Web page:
GREENVILLE — The city of Greenville and Road Commission for Montcalm County are teaming up for a chip and seal project to be performed within the city.
During Tuesday’s Greenville City Council meeting, the council approved a contract with the Road Commission for Montcalm County for street sealing in the amount not to exceed $146,257.
“We have a good working relationship with the county,” said Public Services Director Mike Chesher.
The county’s bid will cost $1.82 per square yard and will included fog sealing — a second layer of emulsion over the newly chip sealed streets.
Chesher said only one other company responded to the bid request and was going to charge $2.25 per square yard, plus an additional $0.45 per square yard for fog seal.
“Most of the businesses we had do it in the past are out of business,” said Chesher, noting not many businesses offer this type of project anymore. “It’s an excellent bid the county submitted for us.”
The funding will be split between two funds — the local streets fund and the major streets fund.
The streets to be done under the major streets fund include:
• Grove Street from Franklin to Hillcrest streets.
• Montcalm Street from Franklin to Hillcrest streets.
The streets to be done under the local streets fund include:
• Cherry Street from Summit to Van Deinse streets.
• James Street from Grove to Montcalm streets.
• Baldwin Street from Grove to Orange streets.
• Orange Street from Barry to Bower streets.
• Cass Street from Hillcrest to Franklin streets.
• Barry Street from Washington to Benton streets.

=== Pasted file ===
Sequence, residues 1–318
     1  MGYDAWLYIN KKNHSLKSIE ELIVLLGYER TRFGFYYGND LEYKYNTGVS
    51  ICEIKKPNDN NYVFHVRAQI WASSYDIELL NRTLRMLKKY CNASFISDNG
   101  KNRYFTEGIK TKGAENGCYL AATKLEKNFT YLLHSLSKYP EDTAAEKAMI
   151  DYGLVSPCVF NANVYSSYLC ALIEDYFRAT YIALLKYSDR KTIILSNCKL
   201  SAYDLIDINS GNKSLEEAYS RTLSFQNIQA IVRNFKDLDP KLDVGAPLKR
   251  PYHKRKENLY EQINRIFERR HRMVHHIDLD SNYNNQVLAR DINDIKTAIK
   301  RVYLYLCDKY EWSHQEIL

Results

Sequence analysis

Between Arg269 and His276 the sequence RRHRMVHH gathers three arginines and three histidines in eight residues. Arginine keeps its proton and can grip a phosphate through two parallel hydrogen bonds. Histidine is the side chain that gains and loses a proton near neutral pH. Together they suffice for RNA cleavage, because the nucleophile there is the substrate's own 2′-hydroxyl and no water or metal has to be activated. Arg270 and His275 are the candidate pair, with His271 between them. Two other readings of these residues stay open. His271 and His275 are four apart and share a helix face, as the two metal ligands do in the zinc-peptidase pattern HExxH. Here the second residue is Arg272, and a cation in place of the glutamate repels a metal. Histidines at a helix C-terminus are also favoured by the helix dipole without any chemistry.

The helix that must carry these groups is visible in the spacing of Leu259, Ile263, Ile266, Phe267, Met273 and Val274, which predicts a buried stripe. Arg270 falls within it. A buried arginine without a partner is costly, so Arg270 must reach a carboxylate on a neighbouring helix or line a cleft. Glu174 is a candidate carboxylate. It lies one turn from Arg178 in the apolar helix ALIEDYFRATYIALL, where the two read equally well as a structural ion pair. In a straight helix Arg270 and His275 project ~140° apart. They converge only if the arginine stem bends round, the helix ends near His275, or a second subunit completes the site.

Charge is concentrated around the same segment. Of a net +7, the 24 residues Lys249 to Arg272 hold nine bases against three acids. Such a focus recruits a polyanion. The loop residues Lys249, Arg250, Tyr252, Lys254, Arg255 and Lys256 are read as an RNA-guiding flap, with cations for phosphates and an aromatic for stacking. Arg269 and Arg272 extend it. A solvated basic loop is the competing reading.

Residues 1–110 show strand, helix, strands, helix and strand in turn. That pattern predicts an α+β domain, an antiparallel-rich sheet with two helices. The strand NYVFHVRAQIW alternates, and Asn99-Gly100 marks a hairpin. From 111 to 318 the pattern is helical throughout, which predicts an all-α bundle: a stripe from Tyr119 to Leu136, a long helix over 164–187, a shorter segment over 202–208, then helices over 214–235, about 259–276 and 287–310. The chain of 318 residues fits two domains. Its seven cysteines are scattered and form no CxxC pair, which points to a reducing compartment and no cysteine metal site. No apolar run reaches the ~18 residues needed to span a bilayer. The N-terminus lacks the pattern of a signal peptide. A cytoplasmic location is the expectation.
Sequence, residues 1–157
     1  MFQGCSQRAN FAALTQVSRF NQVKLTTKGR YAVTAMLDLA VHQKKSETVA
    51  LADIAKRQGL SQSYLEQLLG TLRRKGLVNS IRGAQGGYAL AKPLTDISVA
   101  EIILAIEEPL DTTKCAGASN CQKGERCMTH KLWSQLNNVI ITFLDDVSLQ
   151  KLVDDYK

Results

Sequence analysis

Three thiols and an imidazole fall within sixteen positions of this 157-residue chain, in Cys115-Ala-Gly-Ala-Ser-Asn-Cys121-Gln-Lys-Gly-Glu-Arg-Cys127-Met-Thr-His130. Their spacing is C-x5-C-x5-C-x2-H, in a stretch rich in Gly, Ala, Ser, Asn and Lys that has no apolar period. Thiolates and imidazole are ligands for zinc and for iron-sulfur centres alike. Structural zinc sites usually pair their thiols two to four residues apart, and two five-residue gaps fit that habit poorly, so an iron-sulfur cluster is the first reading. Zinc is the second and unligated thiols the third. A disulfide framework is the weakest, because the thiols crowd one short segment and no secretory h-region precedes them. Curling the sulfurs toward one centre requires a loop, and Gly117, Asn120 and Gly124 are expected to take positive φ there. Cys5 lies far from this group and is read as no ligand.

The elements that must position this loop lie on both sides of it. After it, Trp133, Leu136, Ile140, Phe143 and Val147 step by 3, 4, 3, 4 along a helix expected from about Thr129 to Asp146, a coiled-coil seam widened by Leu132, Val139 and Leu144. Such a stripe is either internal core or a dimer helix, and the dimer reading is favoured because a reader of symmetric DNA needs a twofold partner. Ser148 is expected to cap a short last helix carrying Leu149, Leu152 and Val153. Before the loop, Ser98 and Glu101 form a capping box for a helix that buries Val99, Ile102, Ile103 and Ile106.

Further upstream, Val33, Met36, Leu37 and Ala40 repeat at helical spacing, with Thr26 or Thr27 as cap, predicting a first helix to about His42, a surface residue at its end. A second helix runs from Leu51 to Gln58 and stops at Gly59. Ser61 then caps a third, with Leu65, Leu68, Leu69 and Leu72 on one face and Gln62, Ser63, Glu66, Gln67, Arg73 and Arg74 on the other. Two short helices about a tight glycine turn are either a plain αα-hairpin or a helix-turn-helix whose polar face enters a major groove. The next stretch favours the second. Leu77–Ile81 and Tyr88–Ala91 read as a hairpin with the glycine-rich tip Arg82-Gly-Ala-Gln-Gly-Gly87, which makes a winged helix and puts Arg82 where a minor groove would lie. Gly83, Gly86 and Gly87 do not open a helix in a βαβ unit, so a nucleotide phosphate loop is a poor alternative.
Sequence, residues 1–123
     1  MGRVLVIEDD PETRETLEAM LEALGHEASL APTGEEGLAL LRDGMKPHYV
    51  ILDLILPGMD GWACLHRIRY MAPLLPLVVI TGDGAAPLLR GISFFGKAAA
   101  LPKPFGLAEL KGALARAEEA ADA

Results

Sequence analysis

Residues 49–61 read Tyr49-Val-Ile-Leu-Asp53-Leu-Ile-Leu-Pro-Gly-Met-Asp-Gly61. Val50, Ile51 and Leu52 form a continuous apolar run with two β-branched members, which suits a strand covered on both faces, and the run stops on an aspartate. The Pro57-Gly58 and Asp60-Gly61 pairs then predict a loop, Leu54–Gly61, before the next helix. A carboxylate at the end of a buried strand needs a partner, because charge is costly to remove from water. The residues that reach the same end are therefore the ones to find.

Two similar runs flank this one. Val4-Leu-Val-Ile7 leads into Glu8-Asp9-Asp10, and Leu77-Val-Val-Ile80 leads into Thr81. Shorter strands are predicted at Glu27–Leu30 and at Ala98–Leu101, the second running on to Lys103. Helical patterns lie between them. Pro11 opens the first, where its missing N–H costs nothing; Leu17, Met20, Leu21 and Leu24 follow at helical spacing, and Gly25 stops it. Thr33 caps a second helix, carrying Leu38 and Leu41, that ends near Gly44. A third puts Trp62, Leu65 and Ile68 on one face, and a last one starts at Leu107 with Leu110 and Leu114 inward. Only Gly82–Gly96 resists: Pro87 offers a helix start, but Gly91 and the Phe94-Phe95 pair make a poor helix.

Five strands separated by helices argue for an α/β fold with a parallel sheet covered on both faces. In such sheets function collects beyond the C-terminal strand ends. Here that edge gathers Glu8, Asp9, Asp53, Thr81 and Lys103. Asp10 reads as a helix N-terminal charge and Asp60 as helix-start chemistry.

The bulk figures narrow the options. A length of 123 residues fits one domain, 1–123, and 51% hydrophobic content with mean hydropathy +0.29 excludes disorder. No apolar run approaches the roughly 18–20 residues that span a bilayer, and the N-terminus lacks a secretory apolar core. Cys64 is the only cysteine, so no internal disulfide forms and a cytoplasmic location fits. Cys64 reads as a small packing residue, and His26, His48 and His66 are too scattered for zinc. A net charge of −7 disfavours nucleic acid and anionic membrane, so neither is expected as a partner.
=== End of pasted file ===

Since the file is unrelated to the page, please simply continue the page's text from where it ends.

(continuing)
• Benton Street from Nelson to Ruth streets.
• Benton Street from Barr to Franklin streets.
• Benton Street from Clay to Webster streets.
• Ruth Street from Benton to Oak streets.
• Judd Street from Cedar to Maple streets.
• Crescent Street from Greenbrier to Crestview streets.
Councilwoman Jeanne Cunliffe said Cass Street was becoming dangerous for Danish Festival parade walkers and is happy it is getting redone.
“Thumbs up for getting that ready and for the people who live here,” Cunliffe said.
Councilman Mark Lehman asked how often the roads are done. Chesher said ideally it is done every either to 10 years and roads are usually done in the same general area to help with costs.
Chesher said partnership between the city and the county for this project is good to have.
“It’s a cooperative effort between the city and the county,” he said. “The state is looking for that when it comes to revenue sharing.”
The projects are projected to begin after July 1, but to be finished before the Danish Festival in August.